Bacteria are surrounded by a cell wall containing layers of peptidoglycan, the integrity of which is essential for bacterial survival. In the final stage of peptidoglycan biosynthesis, enzymes called transglycosylases catalyze the polymerization of a disaccharide pentapeptide building block to form the carbohydrate chains of peptidoglycan. Transglycosylases are believed to have tremendous potential as antibiotic targets, but there is no detailed structural or mechanistic information on any of them. The natural product moenomycin is proposed to kill bacterial cells by binding to bacterial transglycosylases but almost nothing is known about how it interacts with these enzymes. Because the chemistry and biology of bacterial transglycosylases is so poorly understood, scientists have not been able to explore the potential of these enzymes as anti-infective targets or to develop good approaches to discover new transglycosylase inhibitors. The research proposed here is directed towards obtaining detailed mechanistic and structural information on bacterial transglycosylases, on understanding the mode of inhibition of moenomycin, and on developing strategies to screen transglycosylases for small molecule inhibitors. This work may lead to the development of inhibitors of bacterial transglycosylases that can be used to combat antibiotic resistant microorganisms.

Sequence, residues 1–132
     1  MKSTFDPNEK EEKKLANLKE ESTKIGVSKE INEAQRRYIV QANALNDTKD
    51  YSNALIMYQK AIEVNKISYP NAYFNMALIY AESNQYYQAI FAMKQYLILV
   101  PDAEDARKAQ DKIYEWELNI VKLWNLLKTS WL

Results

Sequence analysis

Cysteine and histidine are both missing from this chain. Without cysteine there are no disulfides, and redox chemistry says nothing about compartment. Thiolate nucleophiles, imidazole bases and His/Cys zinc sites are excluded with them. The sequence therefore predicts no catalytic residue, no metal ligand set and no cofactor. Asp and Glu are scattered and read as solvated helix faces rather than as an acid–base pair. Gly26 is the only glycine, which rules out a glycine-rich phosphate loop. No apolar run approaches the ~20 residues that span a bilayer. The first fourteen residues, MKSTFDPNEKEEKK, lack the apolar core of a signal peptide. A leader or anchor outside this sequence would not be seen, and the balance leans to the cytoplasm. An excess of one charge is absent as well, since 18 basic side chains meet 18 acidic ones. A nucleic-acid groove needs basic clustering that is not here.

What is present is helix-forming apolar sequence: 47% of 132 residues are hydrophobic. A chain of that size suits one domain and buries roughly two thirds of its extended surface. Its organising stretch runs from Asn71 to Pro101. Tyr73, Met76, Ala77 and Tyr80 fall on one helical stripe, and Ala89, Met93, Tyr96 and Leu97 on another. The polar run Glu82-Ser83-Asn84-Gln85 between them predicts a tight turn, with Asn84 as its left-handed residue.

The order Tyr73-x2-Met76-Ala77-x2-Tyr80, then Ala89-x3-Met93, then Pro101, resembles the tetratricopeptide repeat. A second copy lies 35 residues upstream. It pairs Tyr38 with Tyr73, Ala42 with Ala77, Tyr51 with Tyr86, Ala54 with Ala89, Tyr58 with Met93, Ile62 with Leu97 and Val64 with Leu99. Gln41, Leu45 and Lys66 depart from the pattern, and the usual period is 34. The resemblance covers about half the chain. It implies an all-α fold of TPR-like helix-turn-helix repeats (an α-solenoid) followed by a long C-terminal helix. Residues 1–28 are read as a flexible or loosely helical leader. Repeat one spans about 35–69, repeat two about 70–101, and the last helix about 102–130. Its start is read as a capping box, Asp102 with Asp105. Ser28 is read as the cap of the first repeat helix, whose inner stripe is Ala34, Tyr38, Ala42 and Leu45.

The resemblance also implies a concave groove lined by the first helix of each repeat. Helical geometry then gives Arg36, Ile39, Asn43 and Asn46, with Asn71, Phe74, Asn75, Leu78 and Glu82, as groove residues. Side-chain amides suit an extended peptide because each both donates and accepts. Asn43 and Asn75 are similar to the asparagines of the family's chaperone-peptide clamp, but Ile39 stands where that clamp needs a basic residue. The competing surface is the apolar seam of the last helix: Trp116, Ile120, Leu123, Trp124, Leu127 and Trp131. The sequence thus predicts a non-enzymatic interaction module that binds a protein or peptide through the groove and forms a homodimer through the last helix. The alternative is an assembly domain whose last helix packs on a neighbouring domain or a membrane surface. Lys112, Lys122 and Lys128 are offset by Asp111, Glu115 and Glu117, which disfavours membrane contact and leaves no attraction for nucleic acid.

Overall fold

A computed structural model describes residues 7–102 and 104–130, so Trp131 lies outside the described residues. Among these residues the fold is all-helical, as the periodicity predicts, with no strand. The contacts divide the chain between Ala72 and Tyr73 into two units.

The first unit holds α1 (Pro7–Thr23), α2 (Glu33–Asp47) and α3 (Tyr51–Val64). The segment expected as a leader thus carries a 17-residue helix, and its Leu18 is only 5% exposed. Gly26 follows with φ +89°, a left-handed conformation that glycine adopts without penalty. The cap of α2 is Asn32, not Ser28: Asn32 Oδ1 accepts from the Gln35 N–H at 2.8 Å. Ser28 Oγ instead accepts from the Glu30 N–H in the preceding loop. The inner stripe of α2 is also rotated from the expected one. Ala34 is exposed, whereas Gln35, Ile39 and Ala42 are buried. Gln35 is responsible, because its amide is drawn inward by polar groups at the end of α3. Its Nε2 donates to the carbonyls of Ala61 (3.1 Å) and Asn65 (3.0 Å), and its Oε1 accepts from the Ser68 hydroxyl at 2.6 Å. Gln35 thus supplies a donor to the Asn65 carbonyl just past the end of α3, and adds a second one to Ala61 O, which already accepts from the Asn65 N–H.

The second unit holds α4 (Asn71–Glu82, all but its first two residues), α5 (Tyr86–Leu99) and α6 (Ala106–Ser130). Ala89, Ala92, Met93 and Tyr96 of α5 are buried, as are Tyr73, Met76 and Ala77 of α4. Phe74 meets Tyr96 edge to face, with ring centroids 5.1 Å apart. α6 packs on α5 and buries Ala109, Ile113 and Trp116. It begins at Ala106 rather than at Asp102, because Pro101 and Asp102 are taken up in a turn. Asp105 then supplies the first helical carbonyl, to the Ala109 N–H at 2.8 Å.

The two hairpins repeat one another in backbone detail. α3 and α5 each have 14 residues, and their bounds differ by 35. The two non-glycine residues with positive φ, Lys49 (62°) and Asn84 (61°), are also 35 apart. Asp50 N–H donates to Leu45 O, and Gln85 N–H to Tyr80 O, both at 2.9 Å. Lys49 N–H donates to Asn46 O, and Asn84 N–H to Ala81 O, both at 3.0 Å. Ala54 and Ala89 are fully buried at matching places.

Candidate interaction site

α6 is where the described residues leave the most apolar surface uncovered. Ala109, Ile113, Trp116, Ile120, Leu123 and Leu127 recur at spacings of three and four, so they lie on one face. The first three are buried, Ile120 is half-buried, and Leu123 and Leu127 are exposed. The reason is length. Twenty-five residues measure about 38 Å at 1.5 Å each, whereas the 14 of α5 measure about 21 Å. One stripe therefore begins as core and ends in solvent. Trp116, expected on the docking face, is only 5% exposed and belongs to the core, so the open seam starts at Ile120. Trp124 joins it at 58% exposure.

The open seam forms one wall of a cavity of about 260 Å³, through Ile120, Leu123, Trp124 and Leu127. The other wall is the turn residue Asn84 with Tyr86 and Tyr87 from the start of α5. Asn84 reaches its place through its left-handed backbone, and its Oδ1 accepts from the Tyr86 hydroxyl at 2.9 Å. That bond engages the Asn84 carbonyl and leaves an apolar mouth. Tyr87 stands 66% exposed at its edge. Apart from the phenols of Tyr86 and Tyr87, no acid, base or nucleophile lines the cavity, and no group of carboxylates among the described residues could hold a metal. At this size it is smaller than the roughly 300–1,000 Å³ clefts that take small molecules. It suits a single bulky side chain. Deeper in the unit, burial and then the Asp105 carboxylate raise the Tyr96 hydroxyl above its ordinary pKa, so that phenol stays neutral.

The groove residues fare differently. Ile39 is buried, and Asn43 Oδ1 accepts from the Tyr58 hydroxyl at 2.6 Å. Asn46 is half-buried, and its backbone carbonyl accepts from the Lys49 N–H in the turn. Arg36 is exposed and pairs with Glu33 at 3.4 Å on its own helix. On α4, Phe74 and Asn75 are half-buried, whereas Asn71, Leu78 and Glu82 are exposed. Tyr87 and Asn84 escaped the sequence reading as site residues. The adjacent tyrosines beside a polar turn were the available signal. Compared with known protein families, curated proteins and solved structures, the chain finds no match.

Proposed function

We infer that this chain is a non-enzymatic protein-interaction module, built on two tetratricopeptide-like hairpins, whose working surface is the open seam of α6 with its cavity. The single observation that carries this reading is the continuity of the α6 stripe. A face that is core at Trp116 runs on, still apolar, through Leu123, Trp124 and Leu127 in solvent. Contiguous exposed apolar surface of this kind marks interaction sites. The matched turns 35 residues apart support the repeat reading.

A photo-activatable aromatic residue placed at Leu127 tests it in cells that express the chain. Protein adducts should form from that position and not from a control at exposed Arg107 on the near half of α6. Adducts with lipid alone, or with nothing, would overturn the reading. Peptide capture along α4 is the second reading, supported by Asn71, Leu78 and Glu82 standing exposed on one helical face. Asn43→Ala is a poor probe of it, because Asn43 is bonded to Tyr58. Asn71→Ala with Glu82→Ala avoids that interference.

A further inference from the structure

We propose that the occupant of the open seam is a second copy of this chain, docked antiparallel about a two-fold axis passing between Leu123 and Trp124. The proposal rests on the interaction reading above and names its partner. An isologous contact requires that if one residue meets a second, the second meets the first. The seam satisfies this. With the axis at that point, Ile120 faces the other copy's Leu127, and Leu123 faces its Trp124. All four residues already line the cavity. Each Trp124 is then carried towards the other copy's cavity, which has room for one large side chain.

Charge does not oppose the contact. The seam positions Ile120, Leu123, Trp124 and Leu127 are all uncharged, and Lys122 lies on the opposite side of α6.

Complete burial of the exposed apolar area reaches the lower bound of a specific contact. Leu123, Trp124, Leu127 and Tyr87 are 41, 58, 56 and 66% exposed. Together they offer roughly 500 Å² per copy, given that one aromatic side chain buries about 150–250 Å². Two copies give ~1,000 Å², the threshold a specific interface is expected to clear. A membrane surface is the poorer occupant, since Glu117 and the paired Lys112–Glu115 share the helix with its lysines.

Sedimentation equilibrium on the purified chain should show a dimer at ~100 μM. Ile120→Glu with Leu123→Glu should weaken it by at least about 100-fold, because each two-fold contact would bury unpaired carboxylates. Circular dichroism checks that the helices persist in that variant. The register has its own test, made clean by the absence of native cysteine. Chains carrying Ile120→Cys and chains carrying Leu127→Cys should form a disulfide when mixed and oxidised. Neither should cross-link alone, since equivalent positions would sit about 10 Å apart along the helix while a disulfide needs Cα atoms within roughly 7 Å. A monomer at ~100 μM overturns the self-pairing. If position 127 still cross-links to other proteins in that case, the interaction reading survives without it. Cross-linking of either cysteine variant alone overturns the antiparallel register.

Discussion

National Institute of Health (NIH)
National Institute of General Medical Sciences (NIGMS)
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Synthetic and Biological Chemistry A Study Section (SBCA)
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Jones, Warren
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Harvard University
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